It is one of the most important historical landscapes of the nineteenth century and has helped to shape New Zealand’s political and social history but for many people Rangiriri’s rich past is still undiscovered.
As part of construction of the Rangiriri Section of the Waikato Expressway the NZ Transport Agency has teamed-up with the NZ Historic Places Trust and well-known Waikato Archaeologist Warren Gumbley to highlight the history of Rangiriri through a public presentation: The Battle of Rangiriri (1863) – Honouring Our Past.
On November 13 the public are invited to a presentation organised by the NZ Historic Places Trust at the Waikato Museum to hear the landscape’s history and what Mr Gumbley found as part of a six-week excavation of the battlefield, Rangiriri Pa site and British Military redoubt.
“Rangiriri is one of the most important historical landscapes of the nineteenth century in New Zealand. It was the site of the battle which ultimately determined the outcome of the Waikato invasion which has had long-reaching implications for New Zealand's political and social history,” Mr Gumbley says.
“The development of the Rangiriri Section of the Waikato Expressway along with the impending 150th anniversary of the battle has led to archaeological work around the battlefield. This talk looks at the history of that landscape and describes some of the results of the related archaeological investigations.”
The evening will open with a short documentary “Rangiriri, Angry Sky” which was made to record the excavation and some of the area’s history as it was uncovered. There will also be a presentation by Waikato-Tainui about the battle and its significance to the iwi.
The presentation is one of five archaeological talks the NZ Historic Places Trust has organised in the Waikato and Bay of Plenty area to profile sites of historical significance, and to offer the public an insight into the archaeology of these areas.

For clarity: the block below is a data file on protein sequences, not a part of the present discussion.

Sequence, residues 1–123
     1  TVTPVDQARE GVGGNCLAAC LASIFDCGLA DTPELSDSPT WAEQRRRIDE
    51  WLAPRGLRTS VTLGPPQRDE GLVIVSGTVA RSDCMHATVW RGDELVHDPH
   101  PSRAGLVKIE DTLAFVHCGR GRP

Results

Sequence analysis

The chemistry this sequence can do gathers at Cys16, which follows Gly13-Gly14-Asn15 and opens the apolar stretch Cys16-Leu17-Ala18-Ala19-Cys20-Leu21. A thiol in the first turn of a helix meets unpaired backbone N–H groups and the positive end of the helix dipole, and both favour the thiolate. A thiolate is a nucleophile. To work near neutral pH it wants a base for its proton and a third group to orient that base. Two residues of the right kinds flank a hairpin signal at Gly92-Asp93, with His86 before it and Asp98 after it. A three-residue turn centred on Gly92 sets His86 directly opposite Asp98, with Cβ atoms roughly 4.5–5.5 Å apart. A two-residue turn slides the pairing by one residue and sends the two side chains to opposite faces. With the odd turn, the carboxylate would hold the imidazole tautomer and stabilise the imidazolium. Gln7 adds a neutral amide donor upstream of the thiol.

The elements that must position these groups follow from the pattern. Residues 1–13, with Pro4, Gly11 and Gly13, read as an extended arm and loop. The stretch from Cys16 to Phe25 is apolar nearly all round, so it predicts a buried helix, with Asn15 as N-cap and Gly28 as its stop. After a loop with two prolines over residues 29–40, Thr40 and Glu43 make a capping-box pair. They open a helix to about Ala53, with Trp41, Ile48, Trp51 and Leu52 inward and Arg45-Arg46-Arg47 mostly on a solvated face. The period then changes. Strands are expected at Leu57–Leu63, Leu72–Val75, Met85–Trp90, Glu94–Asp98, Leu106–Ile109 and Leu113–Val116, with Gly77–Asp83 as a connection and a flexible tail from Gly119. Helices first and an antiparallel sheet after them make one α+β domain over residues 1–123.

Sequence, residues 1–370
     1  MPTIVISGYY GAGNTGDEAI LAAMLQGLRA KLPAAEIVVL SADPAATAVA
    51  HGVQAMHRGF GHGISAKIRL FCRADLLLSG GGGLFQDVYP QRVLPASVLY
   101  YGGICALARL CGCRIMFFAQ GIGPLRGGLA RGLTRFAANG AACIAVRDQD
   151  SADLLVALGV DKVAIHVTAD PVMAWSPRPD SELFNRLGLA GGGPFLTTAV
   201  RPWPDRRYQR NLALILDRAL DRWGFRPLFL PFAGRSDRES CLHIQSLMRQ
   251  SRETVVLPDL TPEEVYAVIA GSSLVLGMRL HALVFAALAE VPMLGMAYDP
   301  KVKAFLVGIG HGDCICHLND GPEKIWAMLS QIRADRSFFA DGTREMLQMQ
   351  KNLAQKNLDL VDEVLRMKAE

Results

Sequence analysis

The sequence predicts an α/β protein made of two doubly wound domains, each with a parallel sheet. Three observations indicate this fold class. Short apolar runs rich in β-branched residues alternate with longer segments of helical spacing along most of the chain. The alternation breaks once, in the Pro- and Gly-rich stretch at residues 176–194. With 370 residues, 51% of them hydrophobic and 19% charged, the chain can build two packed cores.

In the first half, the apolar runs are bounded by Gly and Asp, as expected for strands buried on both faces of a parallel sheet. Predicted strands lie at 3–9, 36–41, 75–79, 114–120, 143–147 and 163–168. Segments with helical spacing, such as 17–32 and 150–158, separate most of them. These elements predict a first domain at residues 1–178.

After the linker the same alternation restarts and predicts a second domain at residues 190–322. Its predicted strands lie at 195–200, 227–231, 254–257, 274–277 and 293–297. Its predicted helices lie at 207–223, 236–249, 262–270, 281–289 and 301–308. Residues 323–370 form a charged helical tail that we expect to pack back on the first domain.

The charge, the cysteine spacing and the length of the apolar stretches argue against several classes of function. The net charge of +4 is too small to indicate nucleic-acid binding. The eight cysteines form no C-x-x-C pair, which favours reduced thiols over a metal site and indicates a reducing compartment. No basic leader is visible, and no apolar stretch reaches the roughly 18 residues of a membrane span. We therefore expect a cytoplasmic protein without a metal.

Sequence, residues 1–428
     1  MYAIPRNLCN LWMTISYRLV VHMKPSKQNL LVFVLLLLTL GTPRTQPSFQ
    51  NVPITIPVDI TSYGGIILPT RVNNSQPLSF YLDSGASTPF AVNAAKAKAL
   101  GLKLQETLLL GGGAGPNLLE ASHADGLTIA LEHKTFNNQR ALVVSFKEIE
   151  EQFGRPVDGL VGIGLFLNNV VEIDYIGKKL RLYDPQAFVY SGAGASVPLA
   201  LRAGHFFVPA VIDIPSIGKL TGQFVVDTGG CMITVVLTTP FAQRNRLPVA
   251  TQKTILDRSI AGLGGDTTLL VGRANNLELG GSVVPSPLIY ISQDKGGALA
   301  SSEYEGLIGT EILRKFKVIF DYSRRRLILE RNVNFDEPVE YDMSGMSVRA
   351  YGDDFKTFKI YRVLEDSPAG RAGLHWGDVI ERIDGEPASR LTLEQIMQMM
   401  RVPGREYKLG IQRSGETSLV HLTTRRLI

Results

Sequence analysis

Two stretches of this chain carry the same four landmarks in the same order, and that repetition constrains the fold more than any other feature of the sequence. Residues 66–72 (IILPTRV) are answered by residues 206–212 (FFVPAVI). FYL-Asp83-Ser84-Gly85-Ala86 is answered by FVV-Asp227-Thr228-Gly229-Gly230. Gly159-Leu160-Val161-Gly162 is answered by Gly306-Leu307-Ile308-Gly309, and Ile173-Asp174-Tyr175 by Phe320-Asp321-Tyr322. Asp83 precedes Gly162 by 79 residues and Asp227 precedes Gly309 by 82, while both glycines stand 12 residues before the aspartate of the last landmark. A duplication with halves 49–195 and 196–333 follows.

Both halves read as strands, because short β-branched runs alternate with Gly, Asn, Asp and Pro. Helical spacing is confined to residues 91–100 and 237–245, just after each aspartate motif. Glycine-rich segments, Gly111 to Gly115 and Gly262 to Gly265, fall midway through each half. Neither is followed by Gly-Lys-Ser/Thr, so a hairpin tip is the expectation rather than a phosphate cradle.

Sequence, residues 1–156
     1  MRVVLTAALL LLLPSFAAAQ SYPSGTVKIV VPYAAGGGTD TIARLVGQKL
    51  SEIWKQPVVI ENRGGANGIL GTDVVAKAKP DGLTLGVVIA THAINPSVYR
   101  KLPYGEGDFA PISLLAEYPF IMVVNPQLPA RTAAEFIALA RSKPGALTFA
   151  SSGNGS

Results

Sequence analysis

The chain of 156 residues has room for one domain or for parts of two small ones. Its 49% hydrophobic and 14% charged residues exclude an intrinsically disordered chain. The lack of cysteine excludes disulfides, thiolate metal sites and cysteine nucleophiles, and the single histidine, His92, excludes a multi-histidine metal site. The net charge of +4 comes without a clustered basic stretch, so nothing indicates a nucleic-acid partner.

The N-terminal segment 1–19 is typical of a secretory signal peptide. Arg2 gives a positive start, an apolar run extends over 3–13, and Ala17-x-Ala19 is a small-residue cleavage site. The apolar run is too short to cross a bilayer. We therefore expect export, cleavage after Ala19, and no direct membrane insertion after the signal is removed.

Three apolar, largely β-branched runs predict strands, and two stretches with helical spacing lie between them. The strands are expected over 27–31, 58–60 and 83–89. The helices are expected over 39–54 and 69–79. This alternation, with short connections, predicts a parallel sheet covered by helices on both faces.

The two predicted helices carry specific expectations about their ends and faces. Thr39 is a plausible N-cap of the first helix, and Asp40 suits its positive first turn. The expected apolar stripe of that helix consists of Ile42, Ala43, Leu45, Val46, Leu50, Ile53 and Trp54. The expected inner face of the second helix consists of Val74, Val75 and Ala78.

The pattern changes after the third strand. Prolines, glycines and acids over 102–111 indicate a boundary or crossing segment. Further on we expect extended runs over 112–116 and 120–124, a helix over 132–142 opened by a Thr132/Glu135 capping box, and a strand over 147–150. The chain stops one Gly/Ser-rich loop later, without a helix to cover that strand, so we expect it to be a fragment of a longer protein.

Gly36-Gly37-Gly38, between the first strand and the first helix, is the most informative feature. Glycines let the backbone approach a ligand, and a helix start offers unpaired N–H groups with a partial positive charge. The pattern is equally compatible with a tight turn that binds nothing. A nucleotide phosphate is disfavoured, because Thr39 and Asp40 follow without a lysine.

Rachel Darmody, NZ Historic Places Trust’s Lower Northern Regional Archaeologist says it is a great opportunity for anybody with an interest in archaeology and the history of the Waikato wars to come along and learn more about this nationally significant site.
The Transport Agency’s State Highways Manager Kaye Clark says preserving the history of Rangiriri for all New Zealanders is a priority for the organisation in partnership with the community and Tangata Whenua.
The Expressway project will see the current State Highway 1 realigned to the west, away from the historic Rangiriri Pa site.
Interpretive panels and carved pou will be installed to recognise these significant areas including the historic battle trench.
“This is an incredibly important piece of New Zealand’s history. This project will help to provide a focal point for all visitors to this area,” Mrs Clark says.
The event will take place in the lecture theatre of the Waikato Museum, Hamilton, starting at 7.30 pm on November 13. Admission is free but numbers are limited, so bookings are essential– please contact the NZHPT’s Tauranga office on Ph 07-577-4530 or email firstname.lastname@example.org